Transparent Ticketing: Can Blockchain Help Ticketmaster Repair Brand Trust?

There's no better way to show you've learned a lesson than becoming a teacher. That's what Ticketmaster hopes to demonstrate with its newest and greatest attempt to show that its platform cares about repairing its damaged customer trust.

Last Thursday, the world's largest ticking platform announced its acquisition of Upgraded, a blockchain technology company focused on the live events industry. Blockchain technology is still hard for many to wrap their heads around, but essentially it refers to a digital record of transactions. Because blockchain requires the holdings and transactions of each public address to be open to viewing, and because that record is fixed and unalterable, the technology has been heralded as a pro-transparency tool for digital transactions.

After years of battering its own reputation with a much-publicized class-action lawsuit about inflated service fees on the platform that required ticket vouchers to be distributed to millions, and another class-action lawsuit last month around allegations that its verified reseller network works with scalpers, Ticketmaster has done little to show any transparency or accountability toward the customers it serves.

Now, Ticketmaster is banking on the hope that its decision to become the largest B2C brand to openly embrace blockchain technology will curb some of the damage it's done to its reputation over the years. But will the company's education of the masses on the transparency of blockchain make a difference if people don't understand it?

Per the announcement, Ticketmaster hopes that its strategic partnership with Upgraded will provide more control and visibility to event creators over who is actually acquiring the tickets to their shows, and protect fans against fraudulent tickets. “Upgraded’s unique approach leverages blockchain technology combined with dynamic, encrypted barcodes to prevent fraud often associated with paper or pdf-based tickets,” the announcement explains. “The solution can be implemented without requiring a venue to replace existing access control hardware... Upgraded converts traditional event tickets into secure interactive digital assets protected by blockchain, enabling buyers and sellers to interact with complete trust. This technology makes tickets easy to transfer and impossible to duplicate, providing event owners greater control and fans with greater security.”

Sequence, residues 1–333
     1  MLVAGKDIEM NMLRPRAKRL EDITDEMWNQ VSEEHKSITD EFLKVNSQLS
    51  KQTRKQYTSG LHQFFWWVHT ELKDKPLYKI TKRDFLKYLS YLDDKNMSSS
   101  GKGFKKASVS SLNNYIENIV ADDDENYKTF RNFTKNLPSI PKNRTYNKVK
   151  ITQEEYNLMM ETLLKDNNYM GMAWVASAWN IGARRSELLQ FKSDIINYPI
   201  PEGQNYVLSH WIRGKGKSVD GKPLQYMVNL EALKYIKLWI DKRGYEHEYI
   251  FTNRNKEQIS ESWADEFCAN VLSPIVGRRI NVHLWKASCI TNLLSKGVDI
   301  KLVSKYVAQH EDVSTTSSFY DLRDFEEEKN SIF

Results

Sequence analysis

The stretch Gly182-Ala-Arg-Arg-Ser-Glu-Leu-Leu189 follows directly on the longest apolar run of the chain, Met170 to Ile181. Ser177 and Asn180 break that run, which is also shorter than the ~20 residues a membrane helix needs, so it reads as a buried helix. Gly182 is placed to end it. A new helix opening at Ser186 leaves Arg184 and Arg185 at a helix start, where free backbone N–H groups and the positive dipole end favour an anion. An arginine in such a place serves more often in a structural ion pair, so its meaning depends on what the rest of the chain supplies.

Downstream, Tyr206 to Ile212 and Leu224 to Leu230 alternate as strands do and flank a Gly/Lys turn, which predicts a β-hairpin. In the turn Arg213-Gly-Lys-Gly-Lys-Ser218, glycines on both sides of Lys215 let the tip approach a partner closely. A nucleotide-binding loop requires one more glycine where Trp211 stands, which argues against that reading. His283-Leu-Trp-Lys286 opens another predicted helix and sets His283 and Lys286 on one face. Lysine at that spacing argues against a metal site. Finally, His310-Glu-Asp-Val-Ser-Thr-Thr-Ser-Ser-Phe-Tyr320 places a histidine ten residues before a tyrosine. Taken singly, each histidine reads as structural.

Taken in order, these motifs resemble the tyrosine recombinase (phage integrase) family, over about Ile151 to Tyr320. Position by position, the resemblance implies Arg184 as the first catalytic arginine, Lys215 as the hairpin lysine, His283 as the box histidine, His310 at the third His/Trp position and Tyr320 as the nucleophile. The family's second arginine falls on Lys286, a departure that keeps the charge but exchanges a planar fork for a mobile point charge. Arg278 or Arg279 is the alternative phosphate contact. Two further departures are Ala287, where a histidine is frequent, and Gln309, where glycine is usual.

Moreover, this announcement suggests that blockchain might be useful to communicators, too, so long as issues of trust, transparency and reputation continue to haunt brands. Ticketmaster may be in a unique space, but its step into blockchain can serve as a teachable moment for other beleaguered brands that come under fire for security issues around their customer's transactions. That's if the platform cares to educate its users on why blockchain is so powerful and what problems it solves, of course.

We've seen big brands step into the role of educator in the past, too—Equifax turned its massive data breach into an opportunity to educate consumers about protecting their identity and stepping up their cybersecurity game. Similarly, cigarette vaporizer makers JUUL Labs have turned accusations of deliberate youth marketing into a massive awareness initiative about the ways that vaping can help get people to quit cigarettes.

Meanwhile, Ticketmaster has acquired a great opportunity to educate millions on the transparent powers of blockchain with Upgraded, and if the brand decides to own this role of teacher, it may finally afford Ticketmaster a path toward becoming a platform that people can use again with confidence.

Follow Justin: @Joffaloff